Beginning on May 23, 1976, 5 service began starting late on Sunday mornings. As of May 24, 1976, weekday midday 5 service was cut back to Bowling Green from Atlantic Avenue. In 1979, with the color coding of subway routes based on their trunk line in Manhattan, the 5 service's color was changed to apple green, as it goes via the Lexington Avenue Line in Manhattan. 5 service was re-extended May 15, 1980 to Atlantic Avenue. On July 10, 1983, all rush hour service ran to Flatbush Avenue, with limited service to/from Utica or New Lots Avenue. Beginning on January 18, 1988, all midday 5 service was cut back to Bowling Green, to allow 4 service to operate to Utica.
In 1995, rush hour service to 241st Street was cut back to Nereid Avenue. On May 27, 2005, use of the 5 diamond to indicate peak direction service to Nereid Avenue was discontinued.
On June 29, 2009, 5 trains were extended to Flatbush Avenue during midday hours.
From March 29 to September 3, 2010, rush hour peak direction 5 express service was suspended due to rehabilitation of East 180th Street and signal replacements along the IRT White Plains Road Line. PM northbound express service was suspended again on March 28, 2011 to allow for the second phase of the signal replacement project. This time, service was restored on August 8.
In 1940, the City of New York purchased the New York, Westchester and Boston Railway, and began integrating the line into the system. The railroad north of the city line to White Plains and Port Chester was quickly dismantled. The section below East 180th Street to Greens Farm Junction was once used to interchange with the New Haven (and later Penn Central and Conrail) to bring subway cars and other equipment on and off the system. That section has since been removed, isolating this part of the subway from the interchange.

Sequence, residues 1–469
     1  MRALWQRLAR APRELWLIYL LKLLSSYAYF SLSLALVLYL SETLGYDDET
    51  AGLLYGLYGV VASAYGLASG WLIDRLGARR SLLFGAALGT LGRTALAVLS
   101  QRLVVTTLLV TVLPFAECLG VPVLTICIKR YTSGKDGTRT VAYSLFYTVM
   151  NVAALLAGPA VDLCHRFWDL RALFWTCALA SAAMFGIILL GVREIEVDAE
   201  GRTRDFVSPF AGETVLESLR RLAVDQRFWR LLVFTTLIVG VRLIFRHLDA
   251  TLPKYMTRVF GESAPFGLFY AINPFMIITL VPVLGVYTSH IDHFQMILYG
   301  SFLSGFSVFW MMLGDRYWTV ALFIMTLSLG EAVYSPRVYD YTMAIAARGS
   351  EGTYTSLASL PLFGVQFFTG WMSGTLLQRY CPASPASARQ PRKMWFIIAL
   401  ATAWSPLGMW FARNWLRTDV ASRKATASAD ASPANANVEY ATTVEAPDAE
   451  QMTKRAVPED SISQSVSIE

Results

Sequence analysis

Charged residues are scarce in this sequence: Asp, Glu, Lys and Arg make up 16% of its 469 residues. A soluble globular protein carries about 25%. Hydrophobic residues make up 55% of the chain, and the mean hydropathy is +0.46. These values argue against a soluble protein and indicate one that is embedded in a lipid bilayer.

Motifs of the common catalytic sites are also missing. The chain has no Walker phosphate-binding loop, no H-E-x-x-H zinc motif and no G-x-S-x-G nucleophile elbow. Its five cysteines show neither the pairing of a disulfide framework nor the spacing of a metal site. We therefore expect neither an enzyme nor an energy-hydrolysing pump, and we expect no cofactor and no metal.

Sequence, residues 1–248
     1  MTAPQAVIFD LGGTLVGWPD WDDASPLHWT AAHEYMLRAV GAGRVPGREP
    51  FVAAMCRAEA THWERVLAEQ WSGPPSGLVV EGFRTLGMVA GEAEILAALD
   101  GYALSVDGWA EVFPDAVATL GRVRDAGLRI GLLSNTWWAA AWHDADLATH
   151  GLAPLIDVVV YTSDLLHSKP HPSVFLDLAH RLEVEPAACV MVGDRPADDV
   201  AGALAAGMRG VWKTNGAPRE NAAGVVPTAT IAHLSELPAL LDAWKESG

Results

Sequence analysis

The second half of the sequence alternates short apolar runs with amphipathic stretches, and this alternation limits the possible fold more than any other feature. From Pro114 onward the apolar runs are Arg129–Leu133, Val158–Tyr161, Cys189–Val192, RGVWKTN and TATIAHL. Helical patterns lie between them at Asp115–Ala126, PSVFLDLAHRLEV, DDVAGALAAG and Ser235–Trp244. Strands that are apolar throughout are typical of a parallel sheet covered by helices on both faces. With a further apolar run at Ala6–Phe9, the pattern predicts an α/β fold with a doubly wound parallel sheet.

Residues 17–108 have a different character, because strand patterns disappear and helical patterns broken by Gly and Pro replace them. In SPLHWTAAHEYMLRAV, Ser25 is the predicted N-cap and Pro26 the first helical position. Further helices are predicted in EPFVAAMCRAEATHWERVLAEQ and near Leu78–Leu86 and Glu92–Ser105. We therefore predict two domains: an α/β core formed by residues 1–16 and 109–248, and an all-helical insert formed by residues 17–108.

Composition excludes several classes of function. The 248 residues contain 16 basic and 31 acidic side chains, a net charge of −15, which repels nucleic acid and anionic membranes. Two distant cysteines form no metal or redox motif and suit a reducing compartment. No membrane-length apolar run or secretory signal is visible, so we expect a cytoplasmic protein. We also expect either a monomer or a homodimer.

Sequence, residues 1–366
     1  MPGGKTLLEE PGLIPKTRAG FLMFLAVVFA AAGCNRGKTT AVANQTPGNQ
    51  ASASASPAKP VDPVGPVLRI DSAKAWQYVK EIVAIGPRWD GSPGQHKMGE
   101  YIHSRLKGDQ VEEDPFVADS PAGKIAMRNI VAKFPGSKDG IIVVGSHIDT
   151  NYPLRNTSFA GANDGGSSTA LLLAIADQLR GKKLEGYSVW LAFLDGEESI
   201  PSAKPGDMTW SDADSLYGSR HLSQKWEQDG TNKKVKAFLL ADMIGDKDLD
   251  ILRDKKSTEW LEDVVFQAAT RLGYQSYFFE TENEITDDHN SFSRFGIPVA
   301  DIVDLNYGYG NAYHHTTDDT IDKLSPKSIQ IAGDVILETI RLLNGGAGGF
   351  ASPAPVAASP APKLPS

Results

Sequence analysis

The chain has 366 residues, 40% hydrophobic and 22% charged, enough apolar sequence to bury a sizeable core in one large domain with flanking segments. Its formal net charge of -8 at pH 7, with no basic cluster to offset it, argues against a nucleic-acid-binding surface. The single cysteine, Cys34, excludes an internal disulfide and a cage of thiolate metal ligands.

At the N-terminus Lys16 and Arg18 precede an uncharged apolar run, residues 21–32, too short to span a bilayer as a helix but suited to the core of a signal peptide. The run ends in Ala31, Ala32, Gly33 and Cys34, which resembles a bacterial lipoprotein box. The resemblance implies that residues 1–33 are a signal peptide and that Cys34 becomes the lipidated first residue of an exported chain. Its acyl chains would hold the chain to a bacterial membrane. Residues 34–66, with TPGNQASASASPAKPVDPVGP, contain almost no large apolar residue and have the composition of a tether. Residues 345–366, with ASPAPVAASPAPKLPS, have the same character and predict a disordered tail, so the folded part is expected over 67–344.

The East 180th Street–Dyre Avenue Shuttle or Dyre Avenue Shuttle was established as a new subway service and full-time shuttle along this section on May 15, 1941, between the former East 180th Street station of the New York, Westchester and Boston Railway and Eastchester–Dyre Avenue, which was the last station on the NYW&B within New York City. Passengers had to make a walking transfer between the Dyre Avenue Line and the IRT White Plains Road Line at East 180th Street as there was no track connection between the lines.
In 1957, a flyover connection opened between the East 180th Street station of the White Plains Road Line and the Dyre Avenue Line, enabling through service by trains from the 2 route from Manhattan to Dyre Avenue. At the same time, the former NYW&B station was closed and the off-hours Dyre Avenue Shuttle rerouted to the White Plains Road Line station. These shuttles were initially labeled 2 like the full-time service but were later signed as 9, a number used decades later for skip-stop service on the IRT Broadway–Seventh Avenue Line. The off-hours Dyre Avenue Shuttle still operates, but those trains are signed as 5, the same as the through service.
The following table shows the lines used by the 5, with shaded boxes indicating the route at the specified times:
For a more detailed station listing, see the articles on the lines listed above.